I was musing this afternoon whilst alone on watch as to our preparation and departure. Having crossed the Atlantic twice I recall the build up to both trips very clearly – both were part of a rally, both had a specific departure time and although on one I was just one of five crew, the build up was intense. And rightly so, no ocean is to be messed with, and the Atlantic can throw in its challenges as much as any other. That being said, on the rhumb line (the shortest distance from start to finish) its a significantly shorter trip, from memory about 2400 nm – 600nm less than this Pacific crossing.
So what was different this time? On Thursday we decided to leave on Sunday morning – the weather looked ok, with the chance of some wind to start with, we had done some exploring on all three islands we were allowed to sail to in the Galapagos and we were ready to leave. But there was none of the intensity we experienced previously. Knowing I would be out of direct connectivity for a while (no browsing, no uploading or downloading of anything larger than a few bytes of data) I was busy with work for the last few days. Additionally we did some last minute food shopping, tidied up the boat, some friends arrived on their boat so we went into town for dinner with them on Saturday night, went to bed, got up Sunday mnorning, did some more work, had a cup of tea, pulled up the anchor and left!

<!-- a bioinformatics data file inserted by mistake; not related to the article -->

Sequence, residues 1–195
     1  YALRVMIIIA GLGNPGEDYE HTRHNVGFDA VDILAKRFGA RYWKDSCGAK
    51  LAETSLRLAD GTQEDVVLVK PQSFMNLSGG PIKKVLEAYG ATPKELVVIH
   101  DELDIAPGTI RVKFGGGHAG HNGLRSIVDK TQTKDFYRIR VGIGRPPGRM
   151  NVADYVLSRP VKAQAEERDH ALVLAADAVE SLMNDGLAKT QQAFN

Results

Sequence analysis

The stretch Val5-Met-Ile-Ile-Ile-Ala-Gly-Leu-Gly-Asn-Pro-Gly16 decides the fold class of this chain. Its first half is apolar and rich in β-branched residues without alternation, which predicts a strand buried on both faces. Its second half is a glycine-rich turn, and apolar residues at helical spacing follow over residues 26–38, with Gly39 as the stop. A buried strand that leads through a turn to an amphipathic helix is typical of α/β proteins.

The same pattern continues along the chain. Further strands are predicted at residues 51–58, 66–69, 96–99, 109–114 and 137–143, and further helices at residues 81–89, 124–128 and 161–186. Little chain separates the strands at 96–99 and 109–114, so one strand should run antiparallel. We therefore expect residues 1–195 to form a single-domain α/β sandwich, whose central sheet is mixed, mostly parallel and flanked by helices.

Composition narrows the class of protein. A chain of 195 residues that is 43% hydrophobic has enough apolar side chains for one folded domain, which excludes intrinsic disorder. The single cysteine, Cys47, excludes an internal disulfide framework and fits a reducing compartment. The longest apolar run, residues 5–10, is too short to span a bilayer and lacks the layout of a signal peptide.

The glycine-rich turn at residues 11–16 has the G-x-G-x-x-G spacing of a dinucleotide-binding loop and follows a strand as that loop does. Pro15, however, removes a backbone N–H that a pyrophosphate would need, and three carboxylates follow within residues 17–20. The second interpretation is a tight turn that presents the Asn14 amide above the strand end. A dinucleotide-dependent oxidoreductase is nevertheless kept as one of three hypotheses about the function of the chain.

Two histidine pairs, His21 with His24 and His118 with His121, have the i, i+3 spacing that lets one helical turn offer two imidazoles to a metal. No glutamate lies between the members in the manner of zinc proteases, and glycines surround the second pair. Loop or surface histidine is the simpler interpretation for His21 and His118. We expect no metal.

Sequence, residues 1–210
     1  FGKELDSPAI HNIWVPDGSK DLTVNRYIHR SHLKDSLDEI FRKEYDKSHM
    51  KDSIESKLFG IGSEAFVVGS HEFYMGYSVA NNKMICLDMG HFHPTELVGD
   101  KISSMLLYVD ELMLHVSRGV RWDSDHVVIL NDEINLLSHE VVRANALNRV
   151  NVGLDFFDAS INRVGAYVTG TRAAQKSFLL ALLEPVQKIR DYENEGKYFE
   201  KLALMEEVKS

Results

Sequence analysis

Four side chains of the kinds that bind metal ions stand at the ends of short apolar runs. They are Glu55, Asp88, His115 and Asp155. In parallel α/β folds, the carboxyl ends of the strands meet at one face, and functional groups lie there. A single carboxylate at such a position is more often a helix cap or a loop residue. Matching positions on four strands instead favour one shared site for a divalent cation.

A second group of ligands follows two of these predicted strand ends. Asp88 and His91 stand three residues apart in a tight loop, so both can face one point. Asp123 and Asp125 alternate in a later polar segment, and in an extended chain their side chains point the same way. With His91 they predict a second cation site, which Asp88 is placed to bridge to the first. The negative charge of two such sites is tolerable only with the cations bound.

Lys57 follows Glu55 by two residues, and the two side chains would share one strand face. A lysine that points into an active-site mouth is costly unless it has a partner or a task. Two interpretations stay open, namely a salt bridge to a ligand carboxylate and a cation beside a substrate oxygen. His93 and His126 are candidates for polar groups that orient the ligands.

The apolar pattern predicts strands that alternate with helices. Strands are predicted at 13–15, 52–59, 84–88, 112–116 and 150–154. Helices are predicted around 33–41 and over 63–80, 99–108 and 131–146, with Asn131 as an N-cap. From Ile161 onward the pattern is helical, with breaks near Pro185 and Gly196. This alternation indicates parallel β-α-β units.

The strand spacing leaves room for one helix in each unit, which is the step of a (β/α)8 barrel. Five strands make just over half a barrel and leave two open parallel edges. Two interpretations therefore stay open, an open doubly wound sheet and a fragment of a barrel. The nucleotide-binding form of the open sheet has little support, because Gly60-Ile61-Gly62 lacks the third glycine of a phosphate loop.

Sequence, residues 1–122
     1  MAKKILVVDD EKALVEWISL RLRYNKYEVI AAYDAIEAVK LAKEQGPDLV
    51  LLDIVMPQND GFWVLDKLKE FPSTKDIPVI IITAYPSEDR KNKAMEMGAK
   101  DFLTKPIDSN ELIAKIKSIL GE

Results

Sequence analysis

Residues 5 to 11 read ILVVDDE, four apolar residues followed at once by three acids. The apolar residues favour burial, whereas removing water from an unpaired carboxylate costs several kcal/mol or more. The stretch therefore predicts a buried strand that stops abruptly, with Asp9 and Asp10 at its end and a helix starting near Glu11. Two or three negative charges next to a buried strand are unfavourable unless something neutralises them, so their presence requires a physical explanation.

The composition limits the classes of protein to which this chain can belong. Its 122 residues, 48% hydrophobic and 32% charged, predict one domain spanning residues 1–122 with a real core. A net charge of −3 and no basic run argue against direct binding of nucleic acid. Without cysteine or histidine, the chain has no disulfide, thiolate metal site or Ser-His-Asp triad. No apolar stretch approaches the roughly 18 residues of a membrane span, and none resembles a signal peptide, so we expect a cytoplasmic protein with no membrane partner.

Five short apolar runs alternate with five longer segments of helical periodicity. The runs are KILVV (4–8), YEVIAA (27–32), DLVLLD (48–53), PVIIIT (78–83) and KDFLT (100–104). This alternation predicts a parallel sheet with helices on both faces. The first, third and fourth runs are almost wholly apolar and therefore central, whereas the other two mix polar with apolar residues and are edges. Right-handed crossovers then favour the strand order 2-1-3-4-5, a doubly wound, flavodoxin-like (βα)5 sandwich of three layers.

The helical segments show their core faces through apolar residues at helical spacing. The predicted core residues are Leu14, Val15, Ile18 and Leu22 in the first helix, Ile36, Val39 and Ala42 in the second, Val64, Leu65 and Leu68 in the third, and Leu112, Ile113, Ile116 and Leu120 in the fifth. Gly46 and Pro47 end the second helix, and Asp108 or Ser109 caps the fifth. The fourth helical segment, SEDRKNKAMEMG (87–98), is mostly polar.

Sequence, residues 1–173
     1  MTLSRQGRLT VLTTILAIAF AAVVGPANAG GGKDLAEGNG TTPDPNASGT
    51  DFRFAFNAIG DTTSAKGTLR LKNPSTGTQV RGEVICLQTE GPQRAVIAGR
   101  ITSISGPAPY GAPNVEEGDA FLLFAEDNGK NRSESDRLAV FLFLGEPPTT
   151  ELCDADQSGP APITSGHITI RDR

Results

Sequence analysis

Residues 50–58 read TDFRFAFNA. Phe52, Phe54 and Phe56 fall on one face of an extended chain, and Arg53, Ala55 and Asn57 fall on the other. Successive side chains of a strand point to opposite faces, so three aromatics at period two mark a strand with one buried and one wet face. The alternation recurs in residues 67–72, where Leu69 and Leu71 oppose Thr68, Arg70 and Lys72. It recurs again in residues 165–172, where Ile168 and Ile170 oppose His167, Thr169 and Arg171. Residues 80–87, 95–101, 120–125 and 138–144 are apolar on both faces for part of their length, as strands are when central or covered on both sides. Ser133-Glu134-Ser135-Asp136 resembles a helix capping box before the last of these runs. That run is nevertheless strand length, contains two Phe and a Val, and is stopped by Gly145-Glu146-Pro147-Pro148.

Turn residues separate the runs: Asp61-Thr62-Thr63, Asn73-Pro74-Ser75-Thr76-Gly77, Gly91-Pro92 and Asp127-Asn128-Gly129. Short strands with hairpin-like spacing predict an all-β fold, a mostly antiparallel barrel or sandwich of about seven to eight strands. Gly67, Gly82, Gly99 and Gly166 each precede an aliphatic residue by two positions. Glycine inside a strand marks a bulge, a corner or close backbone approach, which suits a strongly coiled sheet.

We left as if we were just about to sail round to the next bay, as if it was our daily commute, not a 3000nm ocean crossing, completely relaxed, no drama, no last minute panic – we were ready so we left!
I sat here comparing the contrast and wondering how we could be so relaxed. Were we really prepared? Was the boat thoroughly checked and ready for sea? Had we missed anything? What was different? I concluded that yes we were prepared – better than ever before, the boat was thoroughly checked and yes most likely we will have missed something – hopefully trivial but boats are complex and however thorough you can be there will always be surprises around the corner but we have learnt to expect them and deal with them. The reality is we have been sub-consciously preparing for a long time, we now know better than before what is needed for this type of trip. We know how we cope in ourselves with watches, we know the boat better, the boat itself is pretty much ocean ready all the time since the trips we have been doing for the last few months have not been trivial. We were good to go!